There is much that is commendable about the plan, not least the passages guaranteeing the protection of Serbian religious and cultural heritage, the ability of the Republic of Serbia to continue funding educational and health institutions in Serb areas of Kosovo and the creation of local government units guaranteed to be controlled by Serb councillors.

While there is evidence to suggest that Ahtisaari’s plans are delivering positive benefits for Serbs living in isolated communities south of the Ibar, it is unworkable in respect of Northern Kosovo in that it essentially demands that an area currently under de facto sovereign control by Belgrade cede significant power to an ethnic Albanian dominated government in Pristina. For the area’s residents, this is unacceptable.

It is clear that, without Serbia first achieving accession to the European Union, Kosovo's EU ambitions will be thwarted. As long as the diplomatic war of words between Pristina and Belgrade continues, neither party will see their aspirations advance beyond anything other than a pipe-dream.

Partition need not mean to the two entities isolating themselves from one another - indeed the continuation of the historic links between the North and South Kosovo must be guaranteed. To this end, a meaningful cooperative body modelled on the British-Irish Council should be created, facilitating on-going dialogue on issues such as the sharing of cadastral records, trade, common environmental standards and the sharing of power supplies. The EU and US should make an element of their allocation of financial aid to Kosovo conditional upon the two communities working together to "bid" for funds for projects of mutual benefit to both parties, such as the reopening of Kosovo-wide railway links to Belgrade.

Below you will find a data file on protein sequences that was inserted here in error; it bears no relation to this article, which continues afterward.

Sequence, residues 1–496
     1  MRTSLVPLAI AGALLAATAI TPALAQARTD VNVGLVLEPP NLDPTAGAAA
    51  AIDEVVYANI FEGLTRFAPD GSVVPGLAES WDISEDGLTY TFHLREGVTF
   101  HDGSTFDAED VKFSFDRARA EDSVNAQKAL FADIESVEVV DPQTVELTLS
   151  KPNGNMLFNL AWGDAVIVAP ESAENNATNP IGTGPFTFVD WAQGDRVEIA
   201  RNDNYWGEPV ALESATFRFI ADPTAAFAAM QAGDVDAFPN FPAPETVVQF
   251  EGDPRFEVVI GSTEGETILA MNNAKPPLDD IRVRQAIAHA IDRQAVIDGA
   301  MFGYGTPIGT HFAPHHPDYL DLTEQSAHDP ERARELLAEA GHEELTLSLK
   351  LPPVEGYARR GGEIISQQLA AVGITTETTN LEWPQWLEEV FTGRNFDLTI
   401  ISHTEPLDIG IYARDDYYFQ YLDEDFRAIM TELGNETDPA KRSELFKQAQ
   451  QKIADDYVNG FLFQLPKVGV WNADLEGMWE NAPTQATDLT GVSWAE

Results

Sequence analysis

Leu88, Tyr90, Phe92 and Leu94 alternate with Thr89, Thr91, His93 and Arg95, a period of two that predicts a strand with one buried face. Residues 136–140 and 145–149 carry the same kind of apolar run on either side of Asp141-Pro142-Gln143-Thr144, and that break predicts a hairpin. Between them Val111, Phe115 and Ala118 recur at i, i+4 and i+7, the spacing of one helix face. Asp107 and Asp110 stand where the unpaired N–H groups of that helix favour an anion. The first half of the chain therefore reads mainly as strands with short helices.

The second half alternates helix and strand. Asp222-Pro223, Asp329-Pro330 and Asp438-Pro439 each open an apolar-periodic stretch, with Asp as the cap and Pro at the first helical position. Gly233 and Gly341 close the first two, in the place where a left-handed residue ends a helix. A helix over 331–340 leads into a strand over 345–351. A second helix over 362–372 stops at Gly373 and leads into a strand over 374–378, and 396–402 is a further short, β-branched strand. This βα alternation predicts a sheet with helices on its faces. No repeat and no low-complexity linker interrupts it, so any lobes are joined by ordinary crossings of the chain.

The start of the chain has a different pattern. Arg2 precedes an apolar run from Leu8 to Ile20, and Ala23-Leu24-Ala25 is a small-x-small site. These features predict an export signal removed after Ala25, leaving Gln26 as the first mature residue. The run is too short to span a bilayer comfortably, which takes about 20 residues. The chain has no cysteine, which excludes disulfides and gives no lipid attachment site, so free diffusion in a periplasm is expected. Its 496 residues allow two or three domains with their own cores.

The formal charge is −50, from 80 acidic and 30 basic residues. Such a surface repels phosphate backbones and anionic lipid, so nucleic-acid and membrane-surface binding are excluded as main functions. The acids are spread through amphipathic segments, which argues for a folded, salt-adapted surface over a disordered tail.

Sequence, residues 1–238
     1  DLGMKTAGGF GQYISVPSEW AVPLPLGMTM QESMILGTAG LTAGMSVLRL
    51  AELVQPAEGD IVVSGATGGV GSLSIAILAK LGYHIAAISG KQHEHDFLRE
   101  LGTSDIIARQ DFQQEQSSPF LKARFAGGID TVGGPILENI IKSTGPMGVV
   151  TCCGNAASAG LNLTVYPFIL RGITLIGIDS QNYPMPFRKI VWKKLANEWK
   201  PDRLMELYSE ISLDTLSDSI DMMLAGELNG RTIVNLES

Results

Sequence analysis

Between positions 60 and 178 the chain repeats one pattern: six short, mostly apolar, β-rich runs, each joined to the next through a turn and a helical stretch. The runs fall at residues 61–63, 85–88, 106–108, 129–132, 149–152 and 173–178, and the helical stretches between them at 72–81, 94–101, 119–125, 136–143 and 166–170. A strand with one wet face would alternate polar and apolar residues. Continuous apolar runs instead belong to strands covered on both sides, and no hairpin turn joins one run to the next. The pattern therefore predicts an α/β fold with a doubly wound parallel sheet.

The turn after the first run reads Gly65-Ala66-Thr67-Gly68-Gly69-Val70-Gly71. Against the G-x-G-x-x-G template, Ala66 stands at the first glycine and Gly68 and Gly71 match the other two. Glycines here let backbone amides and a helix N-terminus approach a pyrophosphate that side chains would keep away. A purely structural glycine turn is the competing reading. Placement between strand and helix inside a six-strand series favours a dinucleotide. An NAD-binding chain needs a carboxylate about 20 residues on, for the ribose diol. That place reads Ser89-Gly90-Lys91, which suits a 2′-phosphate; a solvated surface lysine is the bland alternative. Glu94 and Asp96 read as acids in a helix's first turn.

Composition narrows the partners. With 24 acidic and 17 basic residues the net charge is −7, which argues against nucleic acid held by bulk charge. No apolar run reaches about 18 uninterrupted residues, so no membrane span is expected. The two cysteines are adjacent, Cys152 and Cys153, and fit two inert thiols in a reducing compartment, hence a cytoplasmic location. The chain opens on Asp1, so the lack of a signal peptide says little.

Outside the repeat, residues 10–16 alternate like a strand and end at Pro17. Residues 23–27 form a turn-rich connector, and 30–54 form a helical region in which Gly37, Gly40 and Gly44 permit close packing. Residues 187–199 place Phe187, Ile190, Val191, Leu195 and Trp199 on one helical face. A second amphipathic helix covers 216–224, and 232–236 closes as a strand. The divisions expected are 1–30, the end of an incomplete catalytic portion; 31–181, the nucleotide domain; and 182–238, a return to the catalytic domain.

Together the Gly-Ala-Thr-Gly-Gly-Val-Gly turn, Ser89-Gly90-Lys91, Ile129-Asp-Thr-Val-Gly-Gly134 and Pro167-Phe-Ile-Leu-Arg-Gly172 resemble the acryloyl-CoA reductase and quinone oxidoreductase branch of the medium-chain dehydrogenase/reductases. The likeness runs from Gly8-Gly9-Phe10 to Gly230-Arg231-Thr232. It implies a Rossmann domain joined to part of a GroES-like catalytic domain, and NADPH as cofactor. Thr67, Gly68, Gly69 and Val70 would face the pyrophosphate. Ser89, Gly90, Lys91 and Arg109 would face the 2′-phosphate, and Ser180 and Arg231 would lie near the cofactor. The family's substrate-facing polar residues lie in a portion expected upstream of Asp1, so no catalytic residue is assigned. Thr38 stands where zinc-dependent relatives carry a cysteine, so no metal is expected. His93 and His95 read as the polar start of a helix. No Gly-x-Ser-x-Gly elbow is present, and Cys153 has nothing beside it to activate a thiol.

Through such a body, the two governments would be able to indicate to the EU that not only are they able to work with each other but also in the spirit of cooperation necessary for EU membership.

North Kosovo’s small Albanian community may understandably be alarmed by the prospect of partition but, by drawing on the provisions of the Ahtisaari plan applied to Serbs in the south, their minority rights could easily be protected in the north. Crucial to this will be acceptance by the Serbian government of the need for funding for Albanian-language teaching, guaranteed minority representation on local government bodies in Northern Kosovo and an explicit and non-negotiable right of return for those Albanians expelled from their homes in 1999. Serbia’s adherence to such a plan would be supervised by the on-going NATO peacekeeping mission in Kosovo.

The partition of Kosovo is not a perfect solution – but it is a practical one that ensures safety, stability and the prospect of future cooperation. It allows both parties to stand as equals, without fear of favouritism from the international community.

The sooner partition can be implemented, the sooner peace will return to a part of the world whose beauty and rich history has been tainted by the scars of its tragic recent past. Buducnost. Te ardhmen.

Daniel Hamilton is an independent commentator on the Balkans and Caucasus region. He writes in a personal capacity